translate into largesse for Alabama. When Spencer first went to Congress Steve in the early 1990’s, Flowers three of the nation’s largest banks were domiciled in his district in Birmingham. Now there is only one. Spencer could raise Inside The Statehouse a lot of campaign money as Chairman of Financial Services, but that is not bringing home the bacon to Birmingham. It rests on Richard Shelby’s shoulders to take care of the UAB Medical facility, which is now the largest employer in Birmingham. Robert Aderholt now becomes the dean of the delegation. Robert got to Washington at a very young age. He is in his ninth term in Congress and serves on the Appropriations Committee. He followed a giant, Tom Bevill, who moved rivers and mountains from Washington to his 4th District, which stretches across North Alabama from Mississippi to Georgia just above Birmingham. Aderholt can and probably will be another Bevill. Third district congressman, Mike Rogers, has 10 years seniority. He is in his early 50’s and can easily stay another 20 years. Rogers served in the legislature before going to Congress. His district encompasses East Alabama. It includes Anniston and Auburn. He does a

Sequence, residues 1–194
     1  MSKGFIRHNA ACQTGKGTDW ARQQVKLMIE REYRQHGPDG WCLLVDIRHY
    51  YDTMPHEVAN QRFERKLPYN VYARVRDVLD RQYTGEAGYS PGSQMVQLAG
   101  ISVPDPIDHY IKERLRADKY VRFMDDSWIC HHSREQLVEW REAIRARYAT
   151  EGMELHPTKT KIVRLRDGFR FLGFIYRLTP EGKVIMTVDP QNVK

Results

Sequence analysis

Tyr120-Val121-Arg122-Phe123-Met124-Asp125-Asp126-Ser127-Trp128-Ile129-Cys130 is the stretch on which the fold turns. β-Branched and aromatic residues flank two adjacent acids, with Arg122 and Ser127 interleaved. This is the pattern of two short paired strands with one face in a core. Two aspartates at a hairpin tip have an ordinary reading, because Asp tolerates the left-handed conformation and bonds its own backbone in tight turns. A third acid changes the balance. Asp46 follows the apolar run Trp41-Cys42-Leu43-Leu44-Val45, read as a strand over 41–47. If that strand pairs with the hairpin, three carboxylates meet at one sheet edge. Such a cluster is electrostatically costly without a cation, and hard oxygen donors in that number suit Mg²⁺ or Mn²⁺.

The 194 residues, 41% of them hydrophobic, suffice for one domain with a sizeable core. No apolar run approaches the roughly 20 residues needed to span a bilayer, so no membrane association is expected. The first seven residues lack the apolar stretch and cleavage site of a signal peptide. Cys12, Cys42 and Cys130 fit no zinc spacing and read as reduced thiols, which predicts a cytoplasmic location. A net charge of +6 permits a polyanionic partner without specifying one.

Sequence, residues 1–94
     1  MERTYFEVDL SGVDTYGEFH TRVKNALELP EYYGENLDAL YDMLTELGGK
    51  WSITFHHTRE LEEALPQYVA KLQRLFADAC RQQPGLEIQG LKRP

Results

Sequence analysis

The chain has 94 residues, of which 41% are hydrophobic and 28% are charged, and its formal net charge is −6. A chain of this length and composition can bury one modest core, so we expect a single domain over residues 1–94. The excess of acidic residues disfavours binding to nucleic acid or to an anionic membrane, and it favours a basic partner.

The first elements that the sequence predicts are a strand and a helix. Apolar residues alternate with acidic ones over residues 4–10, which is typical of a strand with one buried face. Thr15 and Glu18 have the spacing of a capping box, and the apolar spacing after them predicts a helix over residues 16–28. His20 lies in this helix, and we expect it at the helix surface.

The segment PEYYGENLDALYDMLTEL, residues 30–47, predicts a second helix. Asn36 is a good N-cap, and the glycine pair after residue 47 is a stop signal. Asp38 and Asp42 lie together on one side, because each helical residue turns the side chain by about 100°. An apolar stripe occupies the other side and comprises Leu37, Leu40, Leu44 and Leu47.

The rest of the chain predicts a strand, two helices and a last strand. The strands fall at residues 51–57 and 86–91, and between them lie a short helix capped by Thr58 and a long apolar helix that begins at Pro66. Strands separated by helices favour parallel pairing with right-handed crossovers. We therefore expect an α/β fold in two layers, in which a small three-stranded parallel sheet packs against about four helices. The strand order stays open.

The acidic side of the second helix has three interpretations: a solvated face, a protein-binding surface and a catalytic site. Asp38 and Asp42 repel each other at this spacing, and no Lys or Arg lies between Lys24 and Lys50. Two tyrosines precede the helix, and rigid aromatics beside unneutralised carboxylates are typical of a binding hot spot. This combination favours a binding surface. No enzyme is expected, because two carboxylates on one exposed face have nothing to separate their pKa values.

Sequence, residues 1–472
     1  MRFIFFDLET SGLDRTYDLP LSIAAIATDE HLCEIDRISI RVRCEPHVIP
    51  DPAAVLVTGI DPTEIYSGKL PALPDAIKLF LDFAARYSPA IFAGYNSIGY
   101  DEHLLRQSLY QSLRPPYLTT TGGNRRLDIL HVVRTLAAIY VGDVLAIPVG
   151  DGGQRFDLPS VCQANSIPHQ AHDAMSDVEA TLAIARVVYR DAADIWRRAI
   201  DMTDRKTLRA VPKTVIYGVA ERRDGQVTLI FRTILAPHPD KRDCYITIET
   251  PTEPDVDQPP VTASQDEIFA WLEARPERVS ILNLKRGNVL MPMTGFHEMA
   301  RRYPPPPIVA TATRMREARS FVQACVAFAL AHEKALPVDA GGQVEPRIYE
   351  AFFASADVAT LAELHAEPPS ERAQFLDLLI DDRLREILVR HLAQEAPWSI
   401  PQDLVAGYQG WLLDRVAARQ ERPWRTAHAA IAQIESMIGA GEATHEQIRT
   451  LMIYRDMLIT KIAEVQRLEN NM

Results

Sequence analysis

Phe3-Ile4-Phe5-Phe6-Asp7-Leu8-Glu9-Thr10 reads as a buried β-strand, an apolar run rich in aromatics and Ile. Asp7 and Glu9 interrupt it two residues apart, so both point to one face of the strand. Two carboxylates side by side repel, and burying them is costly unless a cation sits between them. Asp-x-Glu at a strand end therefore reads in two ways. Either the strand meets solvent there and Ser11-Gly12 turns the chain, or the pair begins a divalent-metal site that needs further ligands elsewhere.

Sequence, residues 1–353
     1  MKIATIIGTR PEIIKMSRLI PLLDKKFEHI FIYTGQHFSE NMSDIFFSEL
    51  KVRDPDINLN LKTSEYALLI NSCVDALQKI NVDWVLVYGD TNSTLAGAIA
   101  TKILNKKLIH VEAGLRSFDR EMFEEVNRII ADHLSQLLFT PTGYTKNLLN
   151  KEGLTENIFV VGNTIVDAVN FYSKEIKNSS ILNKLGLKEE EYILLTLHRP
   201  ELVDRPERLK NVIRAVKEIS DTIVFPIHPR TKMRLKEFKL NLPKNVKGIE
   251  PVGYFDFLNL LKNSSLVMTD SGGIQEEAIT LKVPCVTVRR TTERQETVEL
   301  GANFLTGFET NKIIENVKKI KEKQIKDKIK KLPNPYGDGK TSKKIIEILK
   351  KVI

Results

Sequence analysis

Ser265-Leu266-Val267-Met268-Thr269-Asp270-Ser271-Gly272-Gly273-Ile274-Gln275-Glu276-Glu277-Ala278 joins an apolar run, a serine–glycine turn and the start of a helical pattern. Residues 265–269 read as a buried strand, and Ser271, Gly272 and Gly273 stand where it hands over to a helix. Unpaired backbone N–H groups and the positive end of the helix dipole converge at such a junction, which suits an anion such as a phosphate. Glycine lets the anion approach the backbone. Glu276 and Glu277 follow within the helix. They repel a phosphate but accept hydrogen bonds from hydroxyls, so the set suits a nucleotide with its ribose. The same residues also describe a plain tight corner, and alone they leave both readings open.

good job for his people. Like Birmingham, Mobile lost their congressman this year when Jo Bonner quit to take a government relations post at the University of Alabama. His replacement, Bradley Byrne, is very able but will be in the same boat as the freshman who will be elected from Birmingham this year. By the time Bradley gets any traction on the seniority ladder, he will be 70 years old. We have three members who have only three years in Washington. The two Republicans, Martha Roby of Montgomery and Mo Brooks of Huntsville, have staked out their turf as reactionary conservatives. They are both in the Tea Party wing of the GOP caucus. Their freshman class of 2010 is very conservative to say the least and Brooks and Roby are out to show Capitol Hill observers that they fit into their group very nicely. Terri Sewell is our only Democrat. Ms. Sewell is a Harvard educated lawyer who was successful in her Birmingham law career before going to Congress in 2010. She represents the state’s only majority African American district. The 7th District encompasses the urban area of Birmingham and stretches throughout West Alabama and includes most of the Black Belt. She is well respected among the Democratic leadership and the Black Congressional Caucus. She has been picked by her Party to be a superstar. She is on a fast track to congressional leadership. Steve Flowers is Alabama’s leading political columnist. His column appears weekly in more than 70 Alabama newspapers. Steve served 16 years in the state legislature. He may be reached at

Revelation from the forest: One man’s history